The former Seton Hospital at 30 Chase Ave. in Waterville, photographed in 2021. A developer plans to convert the building into 67 apartments, with commercial storage space to be leased in the basement. Amy Calder/Morning Sentinel file

WATERVILLE — Developer Kevin Mattson says he hopes to start building 67 apartments inside the former Seton Hospital in six months, but that timeline is dependent on receiving approval of an application to MaineHousing which would dole out tax credits for the workforce housing project.

Mattson, a partner in Dirigo Capital Advisors of Topsham, told the Planning Board on Tuesday that asbestos abatement work has been ongoing for several months inside the building at 30 Chase Ave., where the basement would be used for storage for residents, as well as commercial storage.

The development of the apartments alone will cost about $25 million, according to Mattson.

“We’re really happy to finally be working on this building,” he said.

The developer presented a slight technical revision Tuesday for the plan, which the board approved in a 5-0 vote.

Mattson said the modification to the plan was needed to allow the parking to be separated into different ownership because it would be financed differently than the housing and basement financing. He said there would be no other changes from the approved plan. Historic tax credits will be used for the development.


Waterville Redevelopment Co. III LLC owns the property. Mattson attended the meeting with business partner Dave Francoeur and Kane P. Coffin, president of E.S. Coffin Engineering & Surveying Inc.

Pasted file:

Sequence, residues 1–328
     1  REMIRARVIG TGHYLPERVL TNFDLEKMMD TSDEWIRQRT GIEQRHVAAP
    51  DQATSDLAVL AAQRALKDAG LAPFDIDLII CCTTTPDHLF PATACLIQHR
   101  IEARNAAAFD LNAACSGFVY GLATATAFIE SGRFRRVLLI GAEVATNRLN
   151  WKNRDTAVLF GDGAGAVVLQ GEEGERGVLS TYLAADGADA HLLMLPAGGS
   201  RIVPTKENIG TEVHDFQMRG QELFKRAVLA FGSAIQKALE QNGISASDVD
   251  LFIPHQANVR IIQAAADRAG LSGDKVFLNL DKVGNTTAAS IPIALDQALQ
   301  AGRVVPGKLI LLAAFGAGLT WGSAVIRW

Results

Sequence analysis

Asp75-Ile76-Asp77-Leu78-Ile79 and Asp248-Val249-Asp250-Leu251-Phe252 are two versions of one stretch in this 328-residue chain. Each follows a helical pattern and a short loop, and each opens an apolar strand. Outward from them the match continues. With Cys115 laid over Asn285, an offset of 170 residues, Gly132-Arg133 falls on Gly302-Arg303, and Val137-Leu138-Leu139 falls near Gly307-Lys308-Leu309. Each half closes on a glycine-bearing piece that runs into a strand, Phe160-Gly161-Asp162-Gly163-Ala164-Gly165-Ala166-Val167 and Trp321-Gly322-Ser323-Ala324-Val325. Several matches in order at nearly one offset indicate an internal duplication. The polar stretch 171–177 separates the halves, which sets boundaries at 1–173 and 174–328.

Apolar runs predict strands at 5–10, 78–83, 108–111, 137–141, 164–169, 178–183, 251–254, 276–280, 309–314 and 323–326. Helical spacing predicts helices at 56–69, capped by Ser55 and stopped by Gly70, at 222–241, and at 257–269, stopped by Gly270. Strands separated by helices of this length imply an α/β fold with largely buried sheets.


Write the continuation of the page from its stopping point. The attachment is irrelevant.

Mattson said the cost to rent a unit will be based on area median income.

The Planning Board voted 5-0 in March 2021 to approve the plan, which calls for 56 one-bedroom and 11 two-bedroom units. Construction is expected to take about a year from the time MaineHousing approves the application.

In 2013, Mattson bought the 150,000-square-foot Seton building, which in 1997 had become part of MaineGeneral Medical Center. The Planning Board unanimously approved earlier versions of the project in 2016 and again in 2018, when the number of apartments proposed was increased from 55 to 67.

The state approved the building as a national historic landmark, and construction must preserve the historic nature of the building. The 1960s-era building represents what is known as Miesian architecture, developed by Ludwig Mies van der Rohe, who founded the style of architecture that features steel-framed and glass buildings.

Mattson said tons of debris have been removed from the building, and ceilings and pipes have to be removed and documented as part of the process, and asbestos abatement must be done per regulations of renovating historic buildings.

“It’s taking time, but it’s just great to be doing something,” he said.

In other matters Tuesday, the board voted 5-0 to approve a plan by developer Kevin Violette for City View Estates, a 24-lot, multifamily development on City View Drive, to be developed over five years instead of the previously required two years from the time the plan is approved.

The board also voted 5-0 to approve a request by Invaleon Technologies Corp. for minor changes involving mostly tree buffers to a previously approved site plan for a solar farm at 200 Eight Rod Road.

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